There are literally thousands of daffodils blooming around the Shaw Nature Reserve's Pinetum Lake and the one-mile road encircling it beginning in late March/early April each year. Although known by many names (daffodil, jonquil, narcissus, paper-whites), all are members of the genus Narcissus. Many varieties of daffodils have been accumulating around the Pinetum Lake for the biggest part of the 79 years the Reserve has been in existence. 

Daffodils got their start at the Nature Reserve through the efforts of Mr. John Howe who lived and farmed close to the town of Pacific, Missouri. He was an amateur propagator of daffodils as well as of nuts, fruits, vegetables, and other flowering bulbs. Mr. Howe brought a bushel of daffodil bulbs to the Reserve to share during its fledgling years when the earliest planting was being done. Upon seeing Mr. Rowe's basket of bulbs, Dr. Edgar Anderson, then Curator of Useful Plants at Missouri Botanical Garden, wanted to know who produced these masterpieces of horticulture.

Dr. Anderson had the bulbs planted around Pinetum Lake where they are still the core of the naturalized bulb plantings at Shaw Nature Reserve. Although John Howe was an amateur gardener without formal horticultural training, learned gardeners, botanists, and directors of famous botanical institutions contacted him to see his collections and to ask his advice.

Dr. Anderson was especially fond of daffodils and devoted much time and energy to both the Missouri Botanical Garden's and the Shaw Nature Reserve's collections. Fortunately he had plenty of daffodils to work with. At regular intervals after Mr. Howe's bulbs were first put in place, many additional cultivars and varieties of narcissus were planted at Shaw Nature Reserve. The plantings were carefully studied, especially during the period 1938 and 1942. The goal was to have a continuous display of color lasting for a full two months using a mixture of early to late blooming varieties.

The early varieties tend to be bright yellow with long trumpets, while the later ones are white, with wide, flat blossoms. In subsequent years the daffodils at Shaw Nature Reserve have been, for the most part, undisturbed and have continued to multiply. Additional bulbs are periodically planted adding to the already extensive collection.

Tips for Growing Daffodils


  • Bulbs can be purchased in late summer at most nurseries and lawn and garden centers, by mail from specialty bulb growers, or over the internet.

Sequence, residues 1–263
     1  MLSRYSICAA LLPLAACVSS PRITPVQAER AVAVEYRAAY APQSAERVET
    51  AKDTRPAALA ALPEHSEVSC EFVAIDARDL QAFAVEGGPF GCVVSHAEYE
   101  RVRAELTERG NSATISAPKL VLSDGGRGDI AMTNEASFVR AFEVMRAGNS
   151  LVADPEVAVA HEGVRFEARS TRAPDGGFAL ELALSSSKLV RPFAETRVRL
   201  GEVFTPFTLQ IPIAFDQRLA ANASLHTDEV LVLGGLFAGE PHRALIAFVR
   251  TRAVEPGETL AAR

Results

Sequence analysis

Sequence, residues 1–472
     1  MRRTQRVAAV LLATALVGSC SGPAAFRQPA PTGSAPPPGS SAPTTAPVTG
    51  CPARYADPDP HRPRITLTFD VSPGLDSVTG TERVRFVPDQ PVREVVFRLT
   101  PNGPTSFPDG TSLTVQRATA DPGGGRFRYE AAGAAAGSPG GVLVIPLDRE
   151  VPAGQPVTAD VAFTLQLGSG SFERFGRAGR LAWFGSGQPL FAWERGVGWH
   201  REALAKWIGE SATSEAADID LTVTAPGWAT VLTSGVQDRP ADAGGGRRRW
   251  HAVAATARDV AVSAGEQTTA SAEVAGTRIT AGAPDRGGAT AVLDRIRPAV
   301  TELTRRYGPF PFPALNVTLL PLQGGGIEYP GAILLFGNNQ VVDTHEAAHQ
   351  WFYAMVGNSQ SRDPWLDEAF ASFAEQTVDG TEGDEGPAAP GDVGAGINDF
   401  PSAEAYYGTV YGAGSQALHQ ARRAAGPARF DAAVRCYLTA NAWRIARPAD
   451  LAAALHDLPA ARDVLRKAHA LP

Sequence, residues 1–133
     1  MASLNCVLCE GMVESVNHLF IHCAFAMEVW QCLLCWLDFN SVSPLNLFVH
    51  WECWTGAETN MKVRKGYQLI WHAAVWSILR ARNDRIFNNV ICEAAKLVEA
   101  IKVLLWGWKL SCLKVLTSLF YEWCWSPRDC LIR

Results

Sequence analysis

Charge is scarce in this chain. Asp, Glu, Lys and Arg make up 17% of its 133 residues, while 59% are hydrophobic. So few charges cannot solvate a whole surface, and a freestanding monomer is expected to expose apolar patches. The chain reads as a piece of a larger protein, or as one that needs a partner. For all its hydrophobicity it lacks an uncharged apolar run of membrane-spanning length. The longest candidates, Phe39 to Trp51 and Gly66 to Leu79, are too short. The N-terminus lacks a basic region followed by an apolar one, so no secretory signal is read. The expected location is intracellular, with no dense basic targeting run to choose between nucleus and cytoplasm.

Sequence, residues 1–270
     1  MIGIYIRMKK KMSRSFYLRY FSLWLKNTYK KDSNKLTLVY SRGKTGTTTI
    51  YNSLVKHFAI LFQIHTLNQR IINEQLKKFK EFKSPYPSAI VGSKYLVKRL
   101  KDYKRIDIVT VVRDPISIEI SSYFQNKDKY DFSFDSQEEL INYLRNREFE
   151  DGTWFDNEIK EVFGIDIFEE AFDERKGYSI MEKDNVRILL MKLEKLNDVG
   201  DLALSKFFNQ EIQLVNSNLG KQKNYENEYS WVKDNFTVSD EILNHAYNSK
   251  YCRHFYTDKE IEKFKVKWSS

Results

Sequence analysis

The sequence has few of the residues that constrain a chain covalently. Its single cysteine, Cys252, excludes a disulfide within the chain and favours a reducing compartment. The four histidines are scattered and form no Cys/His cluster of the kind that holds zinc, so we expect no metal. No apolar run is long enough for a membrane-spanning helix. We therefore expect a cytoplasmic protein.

• The Greater Saint Louis Daffodil Society has an annual sale of specialty daffodils at the Missouri Botanical Garden in October.


  •  Late September through early November is best; however as long as the ground is not frozen they can be planted throughout winter.


  • They prefer deep, loamy, well-drained soil, but will tolerate heavier soils so long as the soil does not retain water.
  • They like a sunny area, but also work well in deciduous wooded areas that are mostly leafless during the daffodil’s spring growth.


  • There are numerous bulb planting devices on the market, but a shovel will work if you are planting a small number of bulbs and are not too worried about digging holes in your yard.
  • Plant to a depth three times their diameter deep, or for a more general rule, 6-8” deep for all daffodils.


  • Cut or mow after the foliage begins to turn yellow and goes limp, or wait at least five-six weeks after the flowering has ceased.
  • Removing foliage any sooner greatly depletes the nutrient intake for future flowering and long term perennialization.
  • If possible, leave the foliage alone and let it die back completely before removal.


  • They're easy!
  • They look lovely in a naturalized setting, and are the longest-lived perennial bulbs in our region.
  • Squirrels, other rodents, and deer do not like them.


  • Daffodils are divided into thirteen different divisions, according to their physical characteristics, and each division has numerous colorful selections providing the home garden with unlimited possibilities.
  • For the longest floral interest, choose varieties from multiple divisions spanning very early through very late blooming seasons; with the right selection, daffodils will provide flowering interest for up to three months.

The daffodil is...

  • in the Amaryllis family
  • the national flower of Wales
  • the birthflower of March
  • undisturbed by squirrels, moles, voles, deer, and almost all pests, due to toxic (and distasteful) alkaloids